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Gila Fine

On Love, Woman, and Women in Love: Reading Midrash Tanhuma, Pekudei 9 and Kiddushin 81b with Gila Fine at Limmud Winnipeg 2019-Part 1

By Penny Jones Square, March 12, 2019


This is one of the goals of the Jewish way of living: to experience commonplace deeds as spiritual adventures, to feel the hidden love and wisdom in all things.

—Abraham Joshua Heschel


Part One

“Mirror, Mirror in the Temple: A Tale of Love and Liberation”:

On Midrash Tanhuma, Pekudei 9

                This review of Limmud Winnipeg 2019 will focus on Gila Fine’s two remarkable and brilliant presentations: “Mirror, Mirror in the Temple: A Tale of Love and Liberation,” a reading of Midrash Tanhuma, Pekudei 9, and “The Tragedy of Heruta: The Madonna Who Became a Whore,” a reading ofKiddushin 81b. Each presentation exemplified precisely how, as Heschel puts it, “commonplace deeds” can be experienced as “spiritual adventures,” opening us to the “hidden love and wisdom of all things.” The “commonplace” practice of reading rabbinic literature closely, as Fine had us do, definitely was a “spiritual adventure.”

                Gila Fine is the Editor-in-Chief of Maggid Books (Koren Publishers Jerusalem) and a teacher of Aggada at the Pardes Institute of Jewish Studies. Her radical and inventive explorations of rabbinic literature are based on in-depth readings of the text through the various lenses of philosophy, literary criticism, psychoanalysis, and pop culture—her studies of particularMidrash mirroring the midrashicprocess itself, as we experienced in her sessions.

                Midrash has been described as “the hammer that awakens the slumbering sparks on the anvil of the Bible.” And the process of this awakening includes the use of legends, parables, and myth in order to broaden understanding of the biblical text and expand awareness of the spiritual, moral, and ethical truths informing it. Rabbinic literature serves to answer questions raised in the Torah and to provide interpretations that are more meaningful and relevant to the lives of its readers.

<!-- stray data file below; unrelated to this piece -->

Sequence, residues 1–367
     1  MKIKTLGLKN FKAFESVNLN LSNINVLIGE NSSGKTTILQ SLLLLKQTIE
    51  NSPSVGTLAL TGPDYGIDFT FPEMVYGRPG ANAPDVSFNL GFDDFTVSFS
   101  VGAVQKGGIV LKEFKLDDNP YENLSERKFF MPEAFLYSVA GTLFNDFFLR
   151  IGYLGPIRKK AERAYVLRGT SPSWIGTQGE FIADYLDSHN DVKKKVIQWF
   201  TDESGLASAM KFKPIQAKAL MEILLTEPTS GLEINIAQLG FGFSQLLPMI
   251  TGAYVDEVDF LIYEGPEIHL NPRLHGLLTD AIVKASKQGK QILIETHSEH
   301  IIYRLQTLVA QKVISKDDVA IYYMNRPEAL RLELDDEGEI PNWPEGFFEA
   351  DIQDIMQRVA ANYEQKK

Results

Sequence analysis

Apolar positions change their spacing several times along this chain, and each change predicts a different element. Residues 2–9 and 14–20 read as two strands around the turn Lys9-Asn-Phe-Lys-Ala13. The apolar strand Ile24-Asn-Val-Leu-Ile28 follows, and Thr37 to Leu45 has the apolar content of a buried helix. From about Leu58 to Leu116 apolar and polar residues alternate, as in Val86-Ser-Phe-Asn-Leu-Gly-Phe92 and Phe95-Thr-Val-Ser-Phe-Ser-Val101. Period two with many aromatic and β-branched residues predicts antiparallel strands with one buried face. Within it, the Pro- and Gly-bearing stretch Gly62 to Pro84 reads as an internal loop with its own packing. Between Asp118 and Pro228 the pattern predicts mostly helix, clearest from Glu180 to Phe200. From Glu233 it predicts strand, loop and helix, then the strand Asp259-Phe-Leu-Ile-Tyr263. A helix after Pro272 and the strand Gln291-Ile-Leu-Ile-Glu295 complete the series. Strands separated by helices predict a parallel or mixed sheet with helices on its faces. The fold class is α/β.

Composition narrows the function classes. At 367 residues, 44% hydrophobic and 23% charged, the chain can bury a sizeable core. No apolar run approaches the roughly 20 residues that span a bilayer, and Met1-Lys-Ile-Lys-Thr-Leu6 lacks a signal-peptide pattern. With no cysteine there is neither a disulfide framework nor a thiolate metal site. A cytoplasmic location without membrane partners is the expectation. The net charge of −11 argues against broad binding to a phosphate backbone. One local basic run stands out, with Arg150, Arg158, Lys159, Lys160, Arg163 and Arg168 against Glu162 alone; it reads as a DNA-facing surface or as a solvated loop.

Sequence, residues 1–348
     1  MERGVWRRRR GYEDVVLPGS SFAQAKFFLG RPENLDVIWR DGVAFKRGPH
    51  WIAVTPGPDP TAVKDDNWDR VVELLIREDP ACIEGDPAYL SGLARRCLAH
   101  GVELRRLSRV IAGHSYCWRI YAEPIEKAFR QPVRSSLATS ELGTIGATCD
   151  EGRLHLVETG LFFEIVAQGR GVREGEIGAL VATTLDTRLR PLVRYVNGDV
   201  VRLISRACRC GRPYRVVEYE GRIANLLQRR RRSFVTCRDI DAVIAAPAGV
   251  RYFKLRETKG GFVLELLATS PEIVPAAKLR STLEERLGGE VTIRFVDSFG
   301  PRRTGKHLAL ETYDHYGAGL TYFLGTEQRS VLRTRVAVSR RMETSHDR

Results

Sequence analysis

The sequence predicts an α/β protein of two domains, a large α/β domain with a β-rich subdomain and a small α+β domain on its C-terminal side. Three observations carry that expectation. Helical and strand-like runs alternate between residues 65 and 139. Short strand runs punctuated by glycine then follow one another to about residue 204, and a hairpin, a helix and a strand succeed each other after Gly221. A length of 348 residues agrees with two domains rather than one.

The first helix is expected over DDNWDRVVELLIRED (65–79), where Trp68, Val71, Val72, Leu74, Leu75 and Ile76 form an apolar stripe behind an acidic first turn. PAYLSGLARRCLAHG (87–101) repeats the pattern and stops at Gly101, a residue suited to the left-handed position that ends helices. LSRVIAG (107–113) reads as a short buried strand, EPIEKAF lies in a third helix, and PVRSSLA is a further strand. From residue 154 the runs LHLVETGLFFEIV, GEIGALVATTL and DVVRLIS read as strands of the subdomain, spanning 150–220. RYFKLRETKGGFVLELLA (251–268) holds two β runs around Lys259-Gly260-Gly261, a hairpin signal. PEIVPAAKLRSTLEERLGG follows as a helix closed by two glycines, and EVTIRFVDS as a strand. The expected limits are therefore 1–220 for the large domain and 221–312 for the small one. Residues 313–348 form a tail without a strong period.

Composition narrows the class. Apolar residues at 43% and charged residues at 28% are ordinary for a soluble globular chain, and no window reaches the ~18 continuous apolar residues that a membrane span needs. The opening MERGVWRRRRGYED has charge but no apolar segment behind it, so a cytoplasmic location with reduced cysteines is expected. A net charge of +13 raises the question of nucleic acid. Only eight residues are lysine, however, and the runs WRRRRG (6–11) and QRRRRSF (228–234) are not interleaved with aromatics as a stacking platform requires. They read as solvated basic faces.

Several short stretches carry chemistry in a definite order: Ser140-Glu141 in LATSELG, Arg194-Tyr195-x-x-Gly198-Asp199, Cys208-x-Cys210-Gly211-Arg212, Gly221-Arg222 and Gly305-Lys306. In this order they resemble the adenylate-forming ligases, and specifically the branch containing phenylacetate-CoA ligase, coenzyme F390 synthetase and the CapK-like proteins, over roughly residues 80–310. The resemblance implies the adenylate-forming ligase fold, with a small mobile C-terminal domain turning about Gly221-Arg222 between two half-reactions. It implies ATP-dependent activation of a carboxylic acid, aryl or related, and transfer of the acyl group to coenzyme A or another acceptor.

Fine’s interpretation ofMidrash Tanhuma, Pekudei 9unfolded from a close analysis of the text during which she drew on a wealth of sources from other rabbinic literature, the Hebrew Bible, George Orwell’s 1984, the philosopher Jacques Lacan, J. K. Rowling’sHarry Potter and the Philosopher’s Stone, the Brothers Grimm’s “Little Snow White,” Erich Fromm, and most importantly to her interpretation, from Ovid’s “The Story of Echo and Narcissus,” to draw out deeper meanings from the text, while prompting us with questions and inviting our interpretations.

Fine explained how understanding the prevailing notion of love at the time of the writing of the Midrash is critical to its meaning and to its revolutionary message (which, as we were to discover, is ultimately a repudiation of it). Fine referred to James A. Diamond’s description of the biblical portrayal of “[p]assionate, unrestrained love” as “fraught with danger,” “ wreak[ing] havoc,” and leading to “the surrender of one’s identity, and the total fusion of oneself into another,” as well as to the biblical stories of Dinah, Tamar and Amnon, Samson and Delilah, Jonathan and David, Michal and David, Solomon and his foreign women, and Oholah to reveal that love was defined by its destructiveness, commonly causing the death of lover, beloved, or both.

This pessimistic view of love is consistent with the portrayal of love in classical myth. Indeed, the myth of Echo and Narcissus, with which the rabbis were familiar, according to Fine, represents love as utterly self-destructive, “its double danger expressed as either an echo or a mirror”—as being either excessively other-directed like Echo or completely self-absorbed like Narcissus, both requiring either self or other be annihilated. But in theMidrash, the rabbi provides a radical revisioning of the idea that love unchecked leads to destruction, subverting it with an affirmation of the potential for a pure love that is not destructive of lover or beloved and that has the power to redeem. Following Fine’s reading of theMidrash will reveal how this meaning is conveyed.

Act One is set in the time of enslavement in Egypt, when the Israelite men were in “harsh labor” and have been forbidden to “have relations with their wives.” The pharaoh’s decree, then, is a deliberate strategy to circumvent the demographic threat the Israelites posed and, by denying them love, to break them. Rabbi Simeon ben Halafta’s question, “What did the daughters of Israel do?,” focuses the story on the women’s actions: the

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